TAMPA — Members of the Tampa Tiger Bay Club forced Hillsborough County Commission candidates Wednesday to stake out positions on a 1 cent sales tax increase for transportation projects — a subject the winning candidates will likely have to deal with in 2016.
The 10 candidates in attendance also were asked about whether they favored a nonpartisan commission, what issue they felt was highest on the minds of county voters, and how they felt about a commission vote Wednesday to prohibit discrimination based on sexual orientation and gender identification.
The tax issue, raised in questions by two Tiger Bay members, is likely to pack the most impact in campaigns leading up to the Aug. 27 party primaries.
The three Democrats on the panel — Mark Nash and Pat Kemp, running for countywide District 7, and Elizabeth Belcher in District 2 — all favored putting the transportation tax on the November 2016 ballot.
Republicans were split or gave nuanced answers. District 4 candidate Rick Cochran said he believes there is enough money in the county budget now to improve transportation without raising taxes. His Republican opponent for the east-southeastern county district, Janet Dougherty, said all potential solutions to the county’s jammed roadways should be explored.
“We have to find a solution” to clogged roads, Dougherty said.
The other Republican candidate in the District 4 race, Stacy White, did not attend the luncheon. White has described himself as the “most conservative” candidate in that race and opposes new taxes.
District 2 Commissioner Victor Crist, a Republican who does not face opposition in his party primary, said he’s “not afraid” to vote to put a tax on the ballot, but only if the transportation projects the tax would finance are effective and provide a “strong return on investment.”
In the countywide District 7 race, Commissioner Al Higginbotham said he would support the final proposal by the county’s transportation policy leadership group. That group, which includes the county commissioners, the mayors of the county’s three cities and the chairman of the Hillsborough Area Regional Transit bus service, has been meeting for over a year, looking at transportation projects and ways to pay for them.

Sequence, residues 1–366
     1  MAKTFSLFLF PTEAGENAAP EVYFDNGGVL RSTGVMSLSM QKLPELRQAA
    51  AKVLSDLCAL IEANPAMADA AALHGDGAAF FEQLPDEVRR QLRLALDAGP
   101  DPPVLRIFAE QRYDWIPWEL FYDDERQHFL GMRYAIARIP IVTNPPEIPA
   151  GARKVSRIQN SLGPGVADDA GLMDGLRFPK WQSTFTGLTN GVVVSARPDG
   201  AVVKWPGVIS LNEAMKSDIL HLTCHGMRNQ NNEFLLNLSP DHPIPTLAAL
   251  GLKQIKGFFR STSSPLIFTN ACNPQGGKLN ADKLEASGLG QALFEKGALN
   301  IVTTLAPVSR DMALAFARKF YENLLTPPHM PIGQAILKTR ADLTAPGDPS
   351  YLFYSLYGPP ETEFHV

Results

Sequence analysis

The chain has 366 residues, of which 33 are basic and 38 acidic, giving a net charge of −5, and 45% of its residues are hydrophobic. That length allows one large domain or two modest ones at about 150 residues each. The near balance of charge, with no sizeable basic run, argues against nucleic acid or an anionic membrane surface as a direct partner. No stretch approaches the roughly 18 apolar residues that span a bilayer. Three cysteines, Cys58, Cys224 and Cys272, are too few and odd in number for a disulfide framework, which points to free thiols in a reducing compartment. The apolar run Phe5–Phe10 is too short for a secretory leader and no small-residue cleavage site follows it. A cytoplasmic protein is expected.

The transportation policy leadership group is expected to propose a referendum on a 1 cent sales tax increase in November 2016.
Two of the other Republican candidates in the race, Robin Lester and Don Kruse, each said they would support a referendum on the tax. Lester cited a heavily contested 1 cent sales tax that Charlotte voters approved for light rail.
“It really made a difference there,” Lester said.
Lester and Kruse also agreed with Democrats Kemp and Nash in naming transportation as the most pressing issue facing the next commission. Most of the Republicans on the panel said economic development is the pre-eminent issue.
Republican Tim Schock, the latest entry in the District 7 race, said economic development and transportation are intertwined and both need attention. But Schock said the county has enough money in the $3.9 billion budget to support road work and mass transit without a new tax.
“For us to solve these issues, it’s not about new taxes, it’s about managing our priorities,” Schock said. “There are things we can do, practical solutions that industry has taught us as well as other counties around the country that have found solutions that work that don’t require a tax increase, but are generating money from other revenue sources.”
Schock got perhaps the loudest applause when he and the other candidates were asked whether they would support changing the commission races to nonpartisan, like elections for Tampa mayor and city council and school board. Schock said he would rather have open primaries, in which all voters, whether Democrat, Republican or Independent, can vote in any party primary.
The applause was likely in response to Florida election rules that close a party primary if a candidate from another party qualifies to run for that office. This has resulted in write-in candidates, who don’t have to pay a qualifying fee or collect the required number of petition signatures, getting on the ballot and closing the primary to voters of other parties and Independents.
That was the case in commission District 4, where there are only Republican candidates. Christopher Lawrence Weaver qualified to run late in the race as a write-in candidate, which closed the GOP primary to Democratic and Independent voters.
Kruse, who has run several losing races for public office, drew the most laughter during the luncheon forum in responding to the question about whether he would support a referendum on a transportation tax.
Kruse said yes.
“If transportation in Hillsborough County was a horse,” he said, “we’d have to shoot it.”